The Heritage Council has established a Museum Standards Programme for Ireland to raise professional standards.
The Heritage Council has suffered cuts of 65% in the past three years, with its status now "under review".
4.2.2 Heritage issues and policies
The division of heritage management and services between various government departments between 2000 and 2010 along with increased devolution to local government, has generally been decried as representing an illogical disintegration of the sector. The Heritage Council is the only heritage body that takes an integrated approach to natural and cultural heritage not in state care. In 2006 the Heritage Council established a Museum Standards Programme for Ireland. This important initiative sets out to improve all aspects of Ireland's museum practice and in particular raise the standards of care for collections across Irish museums and galleries. A voluntary programme, it has attracted involvement from across the cultural spectrum from national institutions to small, volunteer led organisations. To date, of the 52 participants in the programme, 15 museums have achieved full accreditation and 10 have been awarded interim accreditation. The Museum Standards Programme for Ireland (MSPI) aims to benchmark and raise professional minimum standards in the museum sector. To achieve accreditation in the Programme participants must meet 34 standards across 7 categories: Museum constitution, governance and policies; museum management; caring for collections; museum documentation; education; exhibition; visitor services. It is complemented by a training programme and a targeted post-graduate museum course supported by the Heritage Council and delivered by the University of Ulster.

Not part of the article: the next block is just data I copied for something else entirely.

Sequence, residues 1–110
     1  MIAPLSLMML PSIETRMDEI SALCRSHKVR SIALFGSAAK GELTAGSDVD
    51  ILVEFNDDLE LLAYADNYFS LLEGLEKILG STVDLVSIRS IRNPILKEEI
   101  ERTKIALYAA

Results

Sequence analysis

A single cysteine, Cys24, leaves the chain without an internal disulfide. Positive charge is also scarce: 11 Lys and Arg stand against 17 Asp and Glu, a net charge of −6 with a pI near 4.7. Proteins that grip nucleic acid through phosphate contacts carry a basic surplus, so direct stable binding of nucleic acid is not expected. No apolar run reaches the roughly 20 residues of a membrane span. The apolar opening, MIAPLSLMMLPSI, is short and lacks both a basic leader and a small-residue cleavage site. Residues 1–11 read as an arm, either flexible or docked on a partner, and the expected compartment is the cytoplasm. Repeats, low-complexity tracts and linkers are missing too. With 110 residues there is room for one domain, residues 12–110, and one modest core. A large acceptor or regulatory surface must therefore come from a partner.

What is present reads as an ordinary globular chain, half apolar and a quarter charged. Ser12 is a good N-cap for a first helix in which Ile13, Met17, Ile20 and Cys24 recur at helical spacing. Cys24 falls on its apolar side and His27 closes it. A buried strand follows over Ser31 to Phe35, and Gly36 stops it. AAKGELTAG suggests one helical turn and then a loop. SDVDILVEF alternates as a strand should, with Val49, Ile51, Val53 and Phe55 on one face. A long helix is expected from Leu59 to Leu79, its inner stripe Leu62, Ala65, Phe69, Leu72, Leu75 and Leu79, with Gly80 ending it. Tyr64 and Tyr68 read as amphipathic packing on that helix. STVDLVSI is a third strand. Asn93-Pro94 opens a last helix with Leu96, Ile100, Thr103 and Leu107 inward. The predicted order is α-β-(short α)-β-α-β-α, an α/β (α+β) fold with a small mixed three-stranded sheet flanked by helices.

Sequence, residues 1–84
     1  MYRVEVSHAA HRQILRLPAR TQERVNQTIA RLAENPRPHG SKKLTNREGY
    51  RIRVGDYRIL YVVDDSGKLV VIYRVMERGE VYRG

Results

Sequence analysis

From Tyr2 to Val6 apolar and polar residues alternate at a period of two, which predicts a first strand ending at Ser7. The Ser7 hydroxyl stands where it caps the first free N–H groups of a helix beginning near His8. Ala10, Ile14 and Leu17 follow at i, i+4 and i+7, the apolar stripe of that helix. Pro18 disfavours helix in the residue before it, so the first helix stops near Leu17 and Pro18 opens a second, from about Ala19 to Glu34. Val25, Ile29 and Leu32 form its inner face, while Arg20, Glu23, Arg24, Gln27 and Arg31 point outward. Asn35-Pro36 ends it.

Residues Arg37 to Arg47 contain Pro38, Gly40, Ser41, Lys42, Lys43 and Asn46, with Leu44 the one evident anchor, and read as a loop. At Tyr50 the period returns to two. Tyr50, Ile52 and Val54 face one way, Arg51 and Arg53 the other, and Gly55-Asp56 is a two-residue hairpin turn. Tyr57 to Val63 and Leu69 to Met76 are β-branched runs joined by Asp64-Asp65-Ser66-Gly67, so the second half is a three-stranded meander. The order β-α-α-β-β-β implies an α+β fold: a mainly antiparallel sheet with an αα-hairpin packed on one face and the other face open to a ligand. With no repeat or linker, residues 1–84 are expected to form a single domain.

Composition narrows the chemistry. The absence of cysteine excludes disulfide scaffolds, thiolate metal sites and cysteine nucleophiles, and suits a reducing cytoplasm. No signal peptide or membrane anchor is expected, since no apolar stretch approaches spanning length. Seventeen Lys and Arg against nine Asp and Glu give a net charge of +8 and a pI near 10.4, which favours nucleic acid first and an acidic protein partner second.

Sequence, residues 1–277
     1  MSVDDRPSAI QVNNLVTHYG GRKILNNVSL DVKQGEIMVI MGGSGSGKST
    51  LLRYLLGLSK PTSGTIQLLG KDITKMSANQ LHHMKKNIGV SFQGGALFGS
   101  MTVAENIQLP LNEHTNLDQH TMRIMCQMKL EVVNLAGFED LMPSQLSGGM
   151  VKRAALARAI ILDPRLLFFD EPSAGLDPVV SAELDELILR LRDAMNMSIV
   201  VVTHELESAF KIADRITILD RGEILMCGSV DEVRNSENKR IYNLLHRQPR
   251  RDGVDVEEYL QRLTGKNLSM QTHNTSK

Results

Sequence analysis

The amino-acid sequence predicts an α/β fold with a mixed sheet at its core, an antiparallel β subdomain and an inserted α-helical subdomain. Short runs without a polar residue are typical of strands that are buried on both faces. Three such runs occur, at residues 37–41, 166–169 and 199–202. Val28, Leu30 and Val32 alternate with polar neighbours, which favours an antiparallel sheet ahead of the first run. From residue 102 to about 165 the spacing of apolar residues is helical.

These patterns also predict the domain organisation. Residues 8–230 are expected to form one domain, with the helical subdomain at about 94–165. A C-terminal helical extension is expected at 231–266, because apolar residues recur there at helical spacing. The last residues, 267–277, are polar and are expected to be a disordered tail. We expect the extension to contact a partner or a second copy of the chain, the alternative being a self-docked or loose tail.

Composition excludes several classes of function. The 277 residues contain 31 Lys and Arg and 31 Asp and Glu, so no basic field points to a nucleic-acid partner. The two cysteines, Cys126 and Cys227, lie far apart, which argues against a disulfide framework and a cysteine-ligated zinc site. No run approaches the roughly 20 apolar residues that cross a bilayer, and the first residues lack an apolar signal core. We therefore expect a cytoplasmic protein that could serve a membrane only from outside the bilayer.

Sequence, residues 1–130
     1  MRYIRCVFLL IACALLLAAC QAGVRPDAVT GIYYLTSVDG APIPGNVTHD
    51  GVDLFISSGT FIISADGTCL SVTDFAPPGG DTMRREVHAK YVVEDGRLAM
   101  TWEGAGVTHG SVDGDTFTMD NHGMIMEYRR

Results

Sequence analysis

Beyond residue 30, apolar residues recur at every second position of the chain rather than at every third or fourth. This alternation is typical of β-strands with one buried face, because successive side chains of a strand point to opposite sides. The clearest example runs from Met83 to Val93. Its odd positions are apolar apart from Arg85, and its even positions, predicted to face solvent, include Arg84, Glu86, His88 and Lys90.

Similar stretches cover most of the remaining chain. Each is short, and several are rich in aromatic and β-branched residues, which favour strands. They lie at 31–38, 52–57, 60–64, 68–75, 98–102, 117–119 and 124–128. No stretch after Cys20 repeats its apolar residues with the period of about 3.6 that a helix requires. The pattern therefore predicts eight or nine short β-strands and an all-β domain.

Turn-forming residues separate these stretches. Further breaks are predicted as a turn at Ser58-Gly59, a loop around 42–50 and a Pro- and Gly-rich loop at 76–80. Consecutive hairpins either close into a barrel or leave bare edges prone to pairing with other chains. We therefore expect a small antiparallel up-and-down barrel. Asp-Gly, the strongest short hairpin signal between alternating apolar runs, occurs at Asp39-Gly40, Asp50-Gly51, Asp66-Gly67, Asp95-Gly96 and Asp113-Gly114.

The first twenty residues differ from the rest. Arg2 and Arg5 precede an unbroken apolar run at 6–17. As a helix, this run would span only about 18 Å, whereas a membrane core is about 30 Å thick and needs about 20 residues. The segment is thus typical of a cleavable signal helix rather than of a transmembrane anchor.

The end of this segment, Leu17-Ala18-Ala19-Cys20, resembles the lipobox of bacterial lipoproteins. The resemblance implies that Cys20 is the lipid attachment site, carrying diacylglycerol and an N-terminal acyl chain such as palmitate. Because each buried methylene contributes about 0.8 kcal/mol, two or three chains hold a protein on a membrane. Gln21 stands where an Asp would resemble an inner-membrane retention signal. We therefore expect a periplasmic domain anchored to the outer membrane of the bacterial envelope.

The work of the Heritage Council reaches into the heart of communities throughout Ireland through its network of 28 County Heritage Officers, who are employed by the Local Authorities. County Heritage Officers provide a structured and co-ordinated approach to managing and promoting local heritage and have played an important role in Local Authorities since 1999. Heritage Officers ensure that heritage receives due consideration at local level and provide a valuable connection for the Heritage Council to local communities. They carry out strategic, operational, promotional, co-ordination and facilitation roles in both the Local Authority and in their county at large. Some of the functions performed by County Heritage Officers include:
As in the case of the cultural institutions (see chapter 4.1) the Heritage Council is also threatened with dissolution through reabsorption into the Department of Arts, Heritage and the Gaeltacht. Having suffered severe cuts – of 65% in the past three years – its status is now "under review". The Council has made a robust case for its work, detailing the Economic Value of Ireland's Historical Environment as a contribution of EUR 1.5 to the economy and direct support for 25 000 jobs. Its publication in 2012 of "Supporting Jobs, Education and Tourism in Local Communities" made a strong play for its public service remit and record, and the flexibility that engendered that work.
For more information, see
European Heritage Network: Country profile Ireland